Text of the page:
Introduction: Individuals with substance use disorder (SUD) may benefit from services and supports delivered in residential settings. Prior research in this area has primarily focused on individual-level factors that affect outcomes, with little focus on the relationship between facility-level characteristics and treatment outcomes.
Methods: Administrative data from 2713 individuals with an index enrollment in publicly funded residential treatment in Massachusetts during 2015 were linked with facility-level survey data from 33 treatment providers. This study conducted multilevel linear and logisitc regression analysis, adjusting for resident demographic, socioeconomic, and substance use history and severity, to examine relationships between facility-level characteristics, treatment duration and completion, and housing and employment status at discharge.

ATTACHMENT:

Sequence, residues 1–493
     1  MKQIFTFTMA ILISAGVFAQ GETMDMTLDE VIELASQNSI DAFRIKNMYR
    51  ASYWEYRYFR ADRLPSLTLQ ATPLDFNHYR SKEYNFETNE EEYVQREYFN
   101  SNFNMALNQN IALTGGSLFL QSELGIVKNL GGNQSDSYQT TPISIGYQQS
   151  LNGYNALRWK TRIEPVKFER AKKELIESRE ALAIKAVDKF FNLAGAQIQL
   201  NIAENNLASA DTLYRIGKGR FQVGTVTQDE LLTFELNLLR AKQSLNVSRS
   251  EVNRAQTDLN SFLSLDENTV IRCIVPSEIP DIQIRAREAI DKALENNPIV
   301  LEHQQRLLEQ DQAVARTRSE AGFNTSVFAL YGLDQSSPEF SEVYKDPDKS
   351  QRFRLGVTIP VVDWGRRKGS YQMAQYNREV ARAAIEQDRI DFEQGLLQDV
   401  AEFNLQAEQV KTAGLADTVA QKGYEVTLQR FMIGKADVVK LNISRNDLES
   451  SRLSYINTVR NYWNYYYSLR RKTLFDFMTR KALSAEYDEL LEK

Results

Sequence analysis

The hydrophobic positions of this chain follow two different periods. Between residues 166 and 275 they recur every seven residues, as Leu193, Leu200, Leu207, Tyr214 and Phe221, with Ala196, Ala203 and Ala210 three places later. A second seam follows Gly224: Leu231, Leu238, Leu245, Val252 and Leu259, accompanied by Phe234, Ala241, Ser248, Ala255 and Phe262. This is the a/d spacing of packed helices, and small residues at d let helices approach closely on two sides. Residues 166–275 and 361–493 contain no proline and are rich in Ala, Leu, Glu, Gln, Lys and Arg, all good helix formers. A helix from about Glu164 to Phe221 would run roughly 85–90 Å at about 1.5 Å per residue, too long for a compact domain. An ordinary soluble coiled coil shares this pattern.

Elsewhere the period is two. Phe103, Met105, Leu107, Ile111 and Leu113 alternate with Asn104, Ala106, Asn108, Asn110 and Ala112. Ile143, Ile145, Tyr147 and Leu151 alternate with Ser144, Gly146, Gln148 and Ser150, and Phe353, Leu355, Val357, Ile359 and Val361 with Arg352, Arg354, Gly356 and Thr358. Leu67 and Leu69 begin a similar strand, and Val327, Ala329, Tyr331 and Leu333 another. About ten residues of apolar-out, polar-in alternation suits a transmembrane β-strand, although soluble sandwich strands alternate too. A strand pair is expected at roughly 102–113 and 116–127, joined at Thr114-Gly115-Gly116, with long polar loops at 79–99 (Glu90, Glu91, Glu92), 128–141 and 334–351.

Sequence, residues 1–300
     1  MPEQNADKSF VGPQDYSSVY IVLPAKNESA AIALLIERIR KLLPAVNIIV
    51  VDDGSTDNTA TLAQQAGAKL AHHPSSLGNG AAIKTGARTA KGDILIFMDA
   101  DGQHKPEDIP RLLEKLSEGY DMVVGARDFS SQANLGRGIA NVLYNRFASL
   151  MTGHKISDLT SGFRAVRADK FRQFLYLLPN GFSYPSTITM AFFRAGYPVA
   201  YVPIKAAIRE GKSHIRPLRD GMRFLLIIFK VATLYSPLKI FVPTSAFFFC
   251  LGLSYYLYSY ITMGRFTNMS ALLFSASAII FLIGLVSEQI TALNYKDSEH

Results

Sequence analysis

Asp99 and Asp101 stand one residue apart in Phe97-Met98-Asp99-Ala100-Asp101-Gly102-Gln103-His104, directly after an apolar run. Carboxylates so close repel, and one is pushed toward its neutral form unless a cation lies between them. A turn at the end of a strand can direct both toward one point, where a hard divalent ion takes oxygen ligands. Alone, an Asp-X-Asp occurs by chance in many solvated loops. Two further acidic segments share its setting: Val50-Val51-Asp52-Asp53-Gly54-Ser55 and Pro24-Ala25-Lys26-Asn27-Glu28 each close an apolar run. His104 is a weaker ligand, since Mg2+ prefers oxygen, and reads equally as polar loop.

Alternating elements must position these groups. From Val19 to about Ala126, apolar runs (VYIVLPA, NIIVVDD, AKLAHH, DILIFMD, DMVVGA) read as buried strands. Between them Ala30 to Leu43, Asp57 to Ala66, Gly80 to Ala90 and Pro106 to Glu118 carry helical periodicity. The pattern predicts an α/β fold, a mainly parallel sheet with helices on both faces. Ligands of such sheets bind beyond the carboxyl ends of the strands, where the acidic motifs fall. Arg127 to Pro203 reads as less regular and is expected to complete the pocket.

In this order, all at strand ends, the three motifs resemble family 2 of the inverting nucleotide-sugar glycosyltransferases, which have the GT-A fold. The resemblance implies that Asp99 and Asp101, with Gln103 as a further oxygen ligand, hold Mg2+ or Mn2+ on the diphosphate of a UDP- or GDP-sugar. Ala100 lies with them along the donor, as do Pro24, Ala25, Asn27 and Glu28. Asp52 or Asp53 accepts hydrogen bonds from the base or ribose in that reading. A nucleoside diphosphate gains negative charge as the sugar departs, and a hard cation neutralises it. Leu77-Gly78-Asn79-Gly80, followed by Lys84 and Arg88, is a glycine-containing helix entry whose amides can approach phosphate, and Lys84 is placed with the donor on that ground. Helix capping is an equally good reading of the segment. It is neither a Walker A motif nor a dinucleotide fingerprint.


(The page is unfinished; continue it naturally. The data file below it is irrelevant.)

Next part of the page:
Results: Residents stayed longer when they made and enforced rules (β = 30.22, p = 0.006). Residents were less likely to complete treatment as the number of non-clinical services increased (aOR = 0.918, p = 0.029), or in facilities where residents ate together family style (aOR = 0.485, p = 0.039). Being employed at discharge was more likely when house meetings were held less than once per week (aOR = 3.37, p = 0.005) and less likely when held more than once per week (aOR = 0.385, p = 0.038).
Conclusion: Overall, increased resident governance and fewer contingencies for successful treatment participation were associated with positive treatment outcomes. Future research should examine the internal processes of residential settings, including peer-to-peer interactions, to better understand how within-residence features affect outcomes.
Keywords: Organizational characteristics; Outcomes; Recovery; Residential treatment; Substance use disorder.
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